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‘Reverse’ vending machines to spur recycling

/ 02:55 PM November 01, 2019
'Reverse' vending machines to spur recycling

Members of the public using the “reverse” vending machines at the launch of the Recycle N Save initiative at Our Tampines Hub yesterday. For every four drink receptacles deposited, a discount voucher worth 20 cents that can be used at any FairPrice, Cheers or FairPrice Xpress outlet will be given. ST PHOTO: KEVIN LIM

SINGAPORE — In a corner of Our Tampines Hub is a vending machine unlike any other found at the integrated hub.

Instead of accepting coins and notes, it takes in empty drink cans and plastic bottles. And rather than dispensing drinks, it gives out discount vouchers.

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For every four drink receptacles deposited, a discount voucher worth 20 cents – that can be used at any FairPrice, Cheers or FairPrice Xpress outlet – will be given.

This “reverse” vending machine, like 49 others that will be progressively rolled out across the island by March next year, is the biggest initiative of its kind by the National Environment Agency (NEA) to encourage the public to recycle.

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The machines can be found at the FairPrice supermarkets in malls such as AMK Hub, Nex and Jurong Point.

The Recycle N Save initiative by the NEA and drinks manufacturer Fraser & Neave (F&N) was launched yesterday following favourable response from the public to the pilot initiative at Waterway Point in Punggol in January last year.

The machine used for the pilot initiative has been replaced with an updated one, which was among the first batch of 10 rolled out yesterday.

The reverse vending machines will help in efforts to tackle packaging waste, one of the priority waste streams – alongside food waste and electronic waste – identified in Singapore’s Zero Waste Masterplan, said Environment and Water Resources Minister Masagos Zulkifli at the launch at Our Tampines Hub.

“Realising Singapore’s vision of a Zero Waste Nation will require strong partnerships between the Government, people and businesses to co-create and co-deliver pragmatic solutions for our environment,” he added.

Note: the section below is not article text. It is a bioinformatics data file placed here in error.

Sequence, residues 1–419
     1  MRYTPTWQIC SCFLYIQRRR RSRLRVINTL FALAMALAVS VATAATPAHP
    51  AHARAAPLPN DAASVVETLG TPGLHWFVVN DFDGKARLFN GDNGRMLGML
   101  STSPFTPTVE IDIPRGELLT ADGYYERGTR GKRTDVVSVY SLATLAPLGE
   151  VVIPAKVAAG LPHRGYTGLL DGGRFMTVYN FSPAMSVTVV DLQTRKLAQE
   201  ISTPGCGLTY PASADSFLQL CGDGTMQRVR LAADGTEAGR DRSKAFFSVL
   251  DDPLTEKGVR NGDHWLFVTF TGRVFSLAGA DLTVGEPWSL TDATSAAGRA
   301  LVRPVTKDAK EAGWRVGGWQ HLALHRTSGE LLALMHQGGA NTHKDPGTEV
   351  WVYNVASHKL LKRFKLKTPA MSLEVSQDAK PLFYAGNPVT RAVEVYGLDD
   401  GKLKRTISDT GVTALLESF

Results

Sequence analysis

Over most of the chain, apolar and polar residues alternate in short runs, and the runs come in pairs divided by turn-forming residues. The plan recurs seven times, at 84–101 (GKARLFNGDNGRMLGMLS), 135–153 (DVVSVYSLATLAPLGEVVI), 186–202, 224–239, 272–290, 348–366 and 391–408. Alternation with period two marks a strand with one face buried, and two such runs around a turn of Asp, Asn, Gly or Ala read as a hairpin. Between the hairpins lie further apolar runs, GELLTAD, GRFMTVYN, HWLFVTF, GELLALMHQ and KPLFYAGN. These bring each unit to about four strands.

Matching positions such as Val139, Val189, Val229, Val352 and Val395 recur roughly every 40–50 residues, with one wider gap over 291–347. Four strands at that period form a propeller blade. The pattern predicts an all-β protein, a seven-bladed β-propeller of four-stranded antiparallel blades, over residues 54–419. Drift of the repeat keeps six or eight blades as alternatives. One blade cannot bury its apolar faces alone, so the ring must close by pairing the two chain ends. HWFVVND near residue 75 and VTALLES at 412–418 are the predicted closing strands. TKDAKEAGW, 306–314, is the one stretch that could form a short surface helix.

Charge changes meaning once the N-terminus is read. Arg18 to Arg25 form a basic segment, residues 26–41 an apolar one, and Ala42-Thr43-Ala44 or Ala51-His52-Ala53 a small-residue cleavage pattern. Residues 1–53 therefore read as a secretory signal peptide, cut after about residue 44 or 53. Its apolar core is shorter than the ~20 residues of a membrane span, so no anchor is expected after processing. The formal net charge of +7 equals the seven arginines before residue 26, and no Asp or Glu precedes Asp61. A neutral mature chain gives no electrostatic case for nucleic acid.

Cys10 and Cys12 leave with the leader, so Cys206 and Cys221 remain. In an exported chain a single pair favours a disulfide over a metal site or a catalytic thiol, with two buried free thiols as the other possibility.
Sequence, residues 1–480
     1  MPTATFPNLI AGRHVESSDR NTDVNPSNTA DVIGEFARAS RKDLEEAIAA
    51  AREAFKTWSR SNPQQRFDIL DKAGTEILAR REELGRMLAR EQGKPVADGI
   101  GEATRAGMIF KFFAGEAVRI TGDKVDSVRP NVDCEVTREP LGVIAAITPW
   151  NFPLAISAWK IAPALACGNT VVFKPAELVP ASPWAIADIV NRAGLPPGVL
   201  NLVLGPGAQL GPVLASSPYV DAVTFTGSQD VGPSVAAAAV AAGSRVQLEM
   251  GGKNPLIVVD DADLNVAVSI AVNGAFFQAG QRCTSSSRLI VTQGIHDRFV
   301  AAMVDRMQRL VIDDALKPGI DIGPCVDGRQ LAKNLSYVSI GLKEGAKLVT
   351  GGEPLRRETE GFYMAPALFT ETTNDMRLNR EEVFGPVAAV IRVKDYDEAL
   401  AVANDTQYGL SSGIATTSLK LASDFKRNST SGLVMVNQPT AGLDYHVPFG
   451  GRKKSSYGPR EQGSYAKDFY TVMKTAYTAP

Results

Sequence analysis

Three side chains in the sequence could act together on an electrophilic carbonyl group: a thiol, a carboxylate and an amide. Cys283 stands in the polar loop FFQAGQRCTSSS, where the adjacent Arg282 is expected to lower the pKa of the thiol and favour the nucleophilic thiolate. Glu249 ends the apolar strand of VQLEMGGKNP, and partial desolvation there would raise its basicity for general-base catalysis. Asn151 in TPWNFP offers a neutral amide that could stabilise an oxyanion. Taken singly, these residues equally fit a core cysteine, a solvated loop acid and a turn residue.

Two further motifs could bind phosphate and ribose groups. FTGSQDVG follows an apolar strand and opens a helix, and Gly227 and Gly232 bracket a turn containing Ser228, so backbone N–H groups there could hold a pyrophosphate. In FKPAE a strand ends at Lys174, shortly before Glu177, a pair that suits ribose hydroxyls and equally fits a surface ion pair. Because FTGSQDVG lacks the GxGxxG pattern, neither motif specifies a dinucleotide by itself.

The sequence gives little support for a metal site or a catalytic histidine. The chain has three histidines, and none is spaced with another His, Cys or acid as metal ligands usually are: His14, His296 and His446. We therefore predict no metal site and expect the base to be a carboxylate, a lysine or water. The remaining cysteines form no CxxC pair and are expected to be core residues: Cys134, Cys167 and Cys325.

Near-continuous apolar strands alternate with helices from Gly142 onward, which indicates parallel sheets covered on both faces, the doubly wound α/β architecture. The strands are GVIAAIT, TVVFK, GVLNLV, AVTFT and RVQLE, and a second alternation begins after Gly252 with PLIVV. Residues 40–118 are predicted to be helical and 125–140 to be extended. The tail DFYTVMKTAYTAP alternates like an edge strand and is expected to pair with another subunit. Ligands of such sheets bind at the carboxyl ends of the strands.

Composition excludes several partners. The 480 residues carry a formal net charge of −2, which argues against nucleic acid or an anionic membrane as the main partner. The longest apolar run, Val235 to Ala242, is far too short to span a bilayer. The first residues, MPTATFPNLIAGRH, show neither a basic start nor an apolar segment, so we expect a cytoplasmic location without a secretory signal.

“Today’s event is a wonderful example. We look forward to having more industry partners on board for future Zero Waste initiatives.”

NEA chief executive Tan Meng Dui said the programme is part of the agency’s effort to test out different public collection systems, as it works towards implementing the Extended Producer Responsibility scheme for packaging waste over the next few years. The scheme makes manufacturers of products financially and physically responsible for the end-of-life collection and treatment of the items.

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The new reverse vending machines, which accept bottles of up to 2-litre capacity, are fitted with a compactor that flattens the drink cans and bottles to save space.

They can hold up to 600 aluminium cans and plastic bottles, about five or six times the capacity (in the pilot initiative), said F&N Foods Singapore managing director Jennifer See.

Once a machine is 80 percent to 90 percent full, an alert is automatically sent (to F&N). The crushed items will then be collected and sent for recycling together with other recyclables collected in the mall.

Mr Lee Meng Tat, chief executive of the non-alcoholic beverages division at F&N Foods, said: “With the launch of this initiative, F&N reinforces its commitment to play its part in protecting the environment by ensuring that its packaging is environmentally friendly, and to encourage and reward consumers to recycle the cans and bottles.”

The smart machine takes in only drink packaging made of aluminium and plastic and does not accept glass bottles.

Cans and bottles that are not fully empty will also be rejected. The machine has in its database the barcodes of over 1,000 drinks in the market, and rejects items that are 20 per cent heavier than their expected weight when empty, said Ms See.

Tampines resident David Ho, 38, pointed out that the machine does not accept all plastic bottles as it recognises only selected barcodes. “It is not too user-friendly as it does not recognise some barcodes, such as those on herbal tea bottles.”

Ms See said the firm is working to add new barcodes to the existing database in the vending machines.

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TAGS: Asia, environment, recycling, Reverse Vending Machines, Singapore
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